A method is described of preparing high-purity, low-silicon vanadium metal from vanadium pentoxide containing silicon, iron and other impurities comprising: mixing the vanadium pentoxide with aluminum to form a reaction mixture, the quantity of aluminum in the mixture being from about stoichiometric to about 10% deficient in the amount necessary to completely reduce the vanadium pentoxide to vanadium metal: heating the mixture under reducing conditions to a temperature sufficient to react the mixture to reduce the vanadium pentoxide and form a vanadium-aluminum alloy containing silicon, iron and from about 0.6 to about 3 weight percent oxygen; heating the alloy under reduced pressure to a temperature sufficient to vaporize the aluminum and iron in the alloy and to react the silicon with some of the oxygen to form volatile silicon monoxide which vaporizes away from the alloy thereby removing aluminum, iron, silicon and some of the oxygen from the vanadium metal, and heating the vanadium metal in the presence of calcium metal to a temperature and for a period of time sufficient for the oxygen to diffuse from the vanadium and react with the calcium to form calcium oxide, thereby removing oxygen from the vanadium metal, forming a high-purity, low-silicon vanadium metal.

  18. Final Report - Crystal Settling, Redox, and High Temperature Properties of ORP HLW and LAW Glasses, VSL-09R1510-1, Rev. 0, dated 6/18/09

    SciTech Connect (OSTI)

    Kruger, Albert A.; Wang, C.; Gan, H.; Pegg, I. L.; Chaudhuri, M.; Kot, W.; Feng, Z.; Viragh, C.; McKeown, D. A.; Joseph, I.; Muller, I. S.; Cecil, R.; Zhao, W.

    2013-11-13T23:59:59.000Z

    The radioactive tank waste treatment programs at the U. S. Department of Energy (DOE) have featured joule heated ceramic melter technology for the vitrification of high level waste (HLW). The Hanford Tank Waste Treatment and Immobilization Plant (WTP) employs this same basic technology not only for the vitrification of HLW streams but also for the vitrification of Low Activity Waste (LAW) streams. Because of the much greater throughput rates required of the WTP as compared to the vitrification facilities at the West Valley Demonstration Project (WVDP) or the Defense Waste Processing Facility (DWPF), the WTP employs advanced joule heated melters with forced mixing of the glass pool (bubblers) to improve heat and mass transport and increase melting rates. However, for both HLW and LAW treatment, the ability to increase waste loadings offers the potential to significantly reduce the amount of glass that must be produced and disposed and, therefore, the overall project costs. This report presents the results from a study to investigate several glass property issues related to WTP HLW and LAW vitrification: crystal formation and settling in selected HLW glasses; redox behavior of vanadium and chromium in selected LAW glasses; and key high temperature thermal properties of representative HLW and LAW glasses. The work was conducted according to Test Plans that were prepared for the HLW and LAW scope, respectively. One part of this work thus addresses some of the possible detrimental effects due to considerably higher crystal content in waste glass melts and, in particular, the impact of high crystal contents on the flow property of the glass melt and the settling rate of representative crystalline phases in an environment similar to that of an idling glass melter. Characterization of vanadium redox shifts in representative WTP LAW glasses is the second focal point of this work. The third part of this work focused on key high temperature thermal properties of representative WTP HLW and LAW glasses over a wide range of temperatures, from the melter operating temperature to the glass transition.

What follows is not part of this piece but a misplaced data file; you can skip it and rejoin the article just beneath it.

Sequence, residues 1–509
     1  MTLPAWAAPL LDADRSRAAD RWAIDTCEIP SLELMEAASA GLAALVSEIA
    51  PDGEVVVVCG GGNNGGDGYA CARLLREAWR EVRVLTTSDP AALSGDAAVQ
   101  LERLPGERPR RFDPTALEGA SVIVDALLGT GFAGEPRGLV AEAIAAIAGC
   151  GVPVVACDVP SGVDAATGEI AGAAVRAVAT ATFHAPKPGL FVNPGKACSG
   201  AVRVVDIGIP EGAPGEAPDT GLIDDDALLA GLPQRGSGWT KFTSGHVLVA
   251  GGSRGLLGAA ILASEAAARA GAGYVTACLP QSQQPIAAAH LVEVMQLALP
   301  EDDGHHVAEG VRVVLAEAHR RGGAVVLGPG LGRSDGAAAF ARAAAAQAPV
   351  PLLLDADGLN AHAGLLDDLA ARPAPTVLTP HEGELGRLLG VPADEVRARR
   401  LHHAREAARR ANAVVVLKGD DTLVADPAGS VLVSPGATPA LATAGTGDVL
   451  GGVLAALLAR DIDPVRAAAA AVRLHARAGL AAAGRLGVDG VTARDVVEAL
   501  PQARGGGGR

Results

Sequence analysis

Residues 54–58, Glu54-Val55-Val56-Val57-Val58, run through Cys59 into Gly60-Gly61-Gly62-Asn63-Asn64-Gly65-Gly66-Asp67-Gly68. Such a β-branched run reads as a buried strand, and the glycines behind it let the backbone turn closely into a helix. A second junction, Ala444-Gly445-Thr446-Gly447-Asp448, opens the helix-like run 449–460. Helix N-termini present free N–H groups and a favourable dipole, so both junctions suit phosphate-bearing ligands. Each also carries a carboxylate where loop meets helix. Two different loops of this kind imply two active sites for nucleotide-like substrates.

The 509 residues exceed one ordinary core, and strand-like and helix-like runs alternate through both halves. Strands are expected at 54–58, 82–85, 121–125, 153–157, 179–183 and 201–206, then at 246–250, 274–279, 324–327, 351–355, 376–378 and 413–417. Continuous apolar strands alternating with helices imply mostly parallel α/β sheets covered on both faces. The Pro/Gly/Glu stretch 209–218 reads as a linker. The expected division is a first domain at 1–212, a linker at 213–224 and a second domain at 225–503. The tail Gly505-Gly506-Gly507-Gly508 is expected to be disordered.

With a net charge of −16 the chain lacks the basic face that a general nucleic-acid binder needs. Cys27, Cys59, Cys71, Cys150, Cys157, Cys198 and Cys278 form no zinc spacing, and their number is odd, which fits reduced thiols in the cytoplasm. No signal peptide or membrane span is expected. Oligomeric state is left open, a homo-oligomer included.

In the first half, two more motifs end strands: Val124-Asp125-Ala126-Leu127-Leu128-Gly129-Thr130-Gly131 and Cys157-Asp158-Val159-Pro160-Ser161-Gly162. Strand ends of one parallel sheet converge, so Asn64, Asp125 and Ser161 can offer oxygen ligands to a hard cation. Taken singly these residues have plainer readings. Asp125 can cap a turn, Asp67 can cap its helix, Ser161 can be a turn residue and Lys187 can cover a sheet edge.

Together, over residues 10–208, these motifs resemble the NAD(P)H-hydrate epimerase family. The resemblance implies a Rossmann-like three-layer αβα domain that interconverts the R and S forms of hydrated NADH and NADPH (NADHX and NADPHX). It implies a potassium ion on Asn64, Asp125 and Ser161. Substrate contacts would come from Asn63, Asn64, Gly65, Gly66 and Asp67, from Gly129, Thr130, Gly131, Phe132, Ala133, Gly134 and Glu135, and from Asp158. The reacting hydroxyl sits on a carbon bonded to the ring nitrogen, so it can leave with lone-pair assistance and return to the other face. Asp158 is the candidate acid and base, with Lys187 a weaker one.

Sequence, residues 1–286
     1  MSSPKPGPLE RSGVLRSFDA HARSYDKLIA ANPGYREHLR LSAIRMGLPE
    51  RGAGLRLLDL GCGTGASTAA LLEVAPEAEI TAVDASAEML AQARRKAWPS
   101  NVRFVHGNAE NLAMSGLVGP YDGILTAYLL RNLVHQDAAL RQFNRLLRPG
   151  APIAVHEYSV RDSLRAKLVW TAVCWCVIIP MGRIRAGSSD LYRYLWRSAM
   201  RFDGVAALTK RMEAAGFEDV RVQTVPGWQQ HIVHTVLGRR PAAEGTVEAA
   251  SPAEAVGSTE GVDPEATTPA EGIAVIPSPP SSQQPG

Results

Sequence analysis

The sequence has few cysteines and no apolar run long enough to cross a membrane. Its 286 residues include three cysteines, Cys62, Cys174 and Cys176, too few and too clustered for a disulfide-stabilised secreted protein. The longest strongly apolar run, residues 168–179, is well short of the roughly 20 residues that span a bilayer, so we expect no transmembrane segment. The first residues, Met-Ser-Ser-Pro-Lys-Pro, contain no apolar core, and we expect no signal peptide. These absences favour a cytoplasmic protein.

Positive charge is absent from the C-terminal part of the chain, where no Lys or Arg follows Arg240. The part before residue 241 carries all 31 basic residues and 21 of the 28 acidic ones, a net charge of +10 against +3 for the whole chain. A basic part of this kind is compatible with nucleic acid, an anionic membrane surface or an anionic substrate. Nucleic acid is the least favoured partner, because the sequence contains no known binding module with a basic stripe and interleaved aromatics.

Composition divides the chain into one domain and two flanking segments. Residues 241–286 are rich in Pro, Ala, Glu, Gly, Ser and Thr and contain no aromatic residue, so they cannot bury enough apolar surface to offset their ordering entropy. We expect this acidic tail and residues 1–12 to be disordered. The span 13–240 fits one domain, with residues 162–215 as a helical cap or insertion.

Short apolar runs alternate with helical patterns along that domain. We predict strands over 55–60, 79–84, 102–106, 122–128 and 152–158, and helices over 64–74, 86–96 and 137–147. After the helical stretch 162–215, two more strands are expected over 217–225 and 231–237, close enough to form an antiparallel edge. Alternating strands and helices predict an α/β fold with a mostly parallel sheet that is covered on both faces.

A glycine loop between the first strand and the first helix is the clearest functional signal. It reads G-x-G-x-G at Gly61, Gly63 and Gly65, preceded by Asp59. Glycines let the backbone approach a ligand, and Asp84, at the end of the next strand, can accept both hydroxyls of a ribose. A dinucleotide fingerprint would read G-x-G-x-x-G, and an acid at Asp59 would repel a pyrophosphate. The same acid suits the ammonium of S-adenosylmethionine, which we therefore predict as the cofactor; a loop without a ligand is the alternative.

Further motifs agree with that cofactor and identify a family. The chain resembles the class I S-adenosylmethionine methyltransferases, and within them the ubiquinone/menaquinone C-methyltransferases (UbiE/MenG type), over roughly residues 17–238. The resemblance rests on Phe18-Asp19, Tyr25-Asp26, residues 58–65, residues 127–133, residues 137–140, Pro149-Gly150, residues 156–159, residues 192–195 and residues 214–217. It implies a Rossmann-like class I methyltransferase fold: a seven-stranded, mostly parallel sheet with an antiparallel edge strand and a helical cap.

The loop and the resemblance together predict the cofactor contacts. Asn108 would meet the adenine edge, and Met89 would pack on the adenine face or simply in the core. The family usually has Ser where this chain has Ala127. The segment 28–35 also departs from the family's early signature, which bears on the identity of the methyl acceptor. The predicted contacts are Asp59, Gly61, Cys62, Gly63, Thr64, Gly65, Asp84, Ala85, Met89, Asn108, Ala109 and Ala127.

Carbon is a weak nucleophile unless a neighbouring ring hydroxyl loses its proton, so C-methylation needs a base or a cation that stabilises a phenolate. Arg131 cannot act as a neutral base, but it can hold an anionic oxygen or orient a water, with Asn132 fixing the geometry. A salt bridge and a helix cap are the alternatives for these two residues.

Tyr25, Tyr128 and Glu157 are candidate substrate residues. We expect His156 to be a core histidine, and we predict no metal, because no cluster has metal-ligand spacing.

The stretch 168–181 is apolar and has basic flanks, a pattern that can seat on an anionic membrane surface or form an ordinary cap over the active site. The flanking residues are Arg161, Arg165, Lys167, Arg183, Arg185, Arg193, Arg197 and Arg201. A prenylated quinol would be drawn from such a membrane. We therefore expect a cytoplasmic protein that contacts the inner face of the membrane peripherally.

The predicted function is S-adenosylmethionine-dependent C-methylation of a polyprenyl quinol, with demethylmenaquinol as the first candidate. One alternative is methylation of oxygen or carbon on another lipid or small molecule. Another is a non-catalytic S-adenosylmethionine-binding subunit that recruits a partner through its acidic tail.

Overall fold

19. Synthesis of Nanodispersed Oxides of Vanadium, Titanium, Molybdenum...

    Broader source: All U.S. Department of Energy (DOE) Office Webpages (Extended Search)

    Nanodispersed Oxides of Vanadium, Titanium, Molybdenum, and Tungsten on Mesoporous Silica using Atomic Layer Synthesis of Nanodispersed Oxides of Vanadium, Titanium, Molybdenum,...

  20. Preparation of high purity vanadium

    SciTech Connect (OSTI)

    Carlson, O.N.; Burkholder, H.R.; Martsching, G.A.; Schmidt, F.A.

    1981-01-01T23:59:59.000Z

    The paper reviews the various reduction and refining methods that have been used to prepare vanadium metal. Earlier work on metallothermic and carbothermic reduction processes is discussed. Recent work on improving the scaling up the aluminothermic reduction process is described in detail. Iron and silicon are first removed from commercial V/sub 2/O/sub 5/ by an ion exchange separation technique and the purified oxide is then exothermically reduced with aluminum metal. The resulting V-Al ingot is heated in a vacuum to 1700/sup 0/C to remove the aluminum and dissolved oxygen, and the sponge is then electron-beam melted to remove residual volatile impurities to yield vanadium metal of 99.98% purity. Precautions taken during each processing stage to minimize carbon, nitrogen and oxygen contamination are described. Metal containing < 50 ppmw each of C, N and O, < 20 ppmw Si, and < 10 ppmw of Fe and Al has been prepared in kilogram quantities by this method. The hardness of the beam melted is 60 to 70 DPH. Experiments designed to scale up the reduction process and to increase the efficiency of the separation and melting steps are described. Various refining techniques that have been applied to the preparation of high purity vanadium are described and comparisons made between the quality of metal obtained by each.